Captain Martell, who was 58 years of age, had spent his life in the seafaring profession and bore a splendid record.  His ketch, which was a familiar sight in Poole, had the repute of being the cleanest and best kept ship in the port.  It figured prominently in the film, “The Elusive Pimpernel,” a British production which attracted considerable attention locally.  The “Antagonist” was of 67 tons nett and appeared in the Shipping Intelligence in the Herald over half a century ago.  During the war the little craft carried on her trading despite many dangers.”

The Poole and Dorset Herald 2nd October 1922 describes the inquest; “At the conclusion of the two day’s inquest at Hull the jury returned a verdict of “gross carelessness” on the part of the trawler’s crew.”  The Herald also reveals the story of the two surviving brothers:

“With regard to the condition of the trawler’s crew, Horace said that the mate in charge of the watch was rolling about, while the boatswain and one of the stokers had also had a fair amount to drink.  Horace learned from one of the crew that the mate was below at the time of the collision.  “It’s a funny thing,” said Horace, “but they had the whole of the North Sea to dodge us in.”  Horace went on to relate that he was told that no one was on deck at the time of the collision, but one seaman was at the wheel.  Eventually the trawler put into Bridlington, where there was a huge crowd, and then to Hull, where the unfortunate sons were landed.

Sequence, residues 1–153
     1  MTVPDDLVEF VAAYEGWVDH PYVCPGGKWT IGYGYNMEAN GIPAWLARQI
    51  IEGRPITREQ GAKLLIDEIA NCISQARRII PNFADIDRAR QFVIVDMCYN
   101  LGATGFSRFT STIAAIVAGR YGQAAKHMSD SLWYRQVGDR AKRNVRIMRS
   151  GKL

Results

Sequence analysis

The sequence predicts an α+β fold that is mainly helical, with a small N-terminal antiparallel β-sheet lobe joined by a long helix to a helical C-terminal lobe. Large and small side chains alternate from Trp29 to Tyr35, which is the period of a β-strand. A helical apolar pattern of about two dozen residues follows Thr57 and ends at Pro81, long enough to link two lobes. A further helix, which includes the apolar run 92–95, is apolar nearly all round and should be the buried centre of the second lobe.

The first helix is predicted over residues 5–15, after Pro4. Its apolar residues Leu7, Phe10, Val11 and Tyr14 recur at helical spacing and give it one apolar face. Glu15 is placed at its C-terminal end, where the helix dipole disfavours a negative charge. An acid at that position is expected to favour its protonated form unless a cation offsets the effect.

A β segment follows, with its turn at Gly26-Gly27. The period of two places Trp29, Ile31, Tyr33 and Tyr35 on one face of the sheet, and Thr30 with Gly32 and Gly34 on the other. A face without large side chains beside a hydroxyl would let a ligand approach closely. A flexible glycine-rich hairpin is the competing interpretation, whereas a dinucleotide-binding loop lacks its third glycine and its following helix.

Relating his experiences, John said that he remembered swimming to the surface after going down a great depth.  He saw Capt. Martell and got hold of him, the two being supported by an old paint drum which was floating about.  “If it hadn’t been for John, we should have never found Dad,”  concluded Horace.”

Horace Martell appeared in the newspaper again in 1944, this time the Aberdeen Evening Express, when he was involved in a rescue at sea:

“Recently the little thirty-year-old harbour tug Cherbourgeois got her big chance and took it, steaming out of the Clyde 250 miles into the Atlantic to bring safely to harbour a rudderless merchant ship of 10,000 tons, laden with grain.

The tug was off duty when the SOS came, but messages flashed on cinema screens and a tour of the district by the police and patrols resulted in getting a crew together.

The master of the tug, Skipper A. Martell Poole was away on important business, so his brother Skipper H. Martell also of Poole took command.

Two firemen were borrowed from a mercantile marine pool a rating was lent by a patrol boat, and sixty-seven-year-old Chief Officer Robert Reid, of Belfast, left his sick bed in another tug, the Duchess of Abercorn, and went along.

The wireless operator was William Blake, Cambuslang, the chief engineer H. Hall, Burnley and the second engineer A. Purvis, Rothesay.

Throughout the four days they were away the crew had practically no sleep and little to eat.”

It’s incredible that an artist’s rough note on his painting can open up such a dramatic and tragic story of a local seafaring family and the dangers they faced at sea, and how despite the tragedy they continued with their livelihood through the generations and two world wars.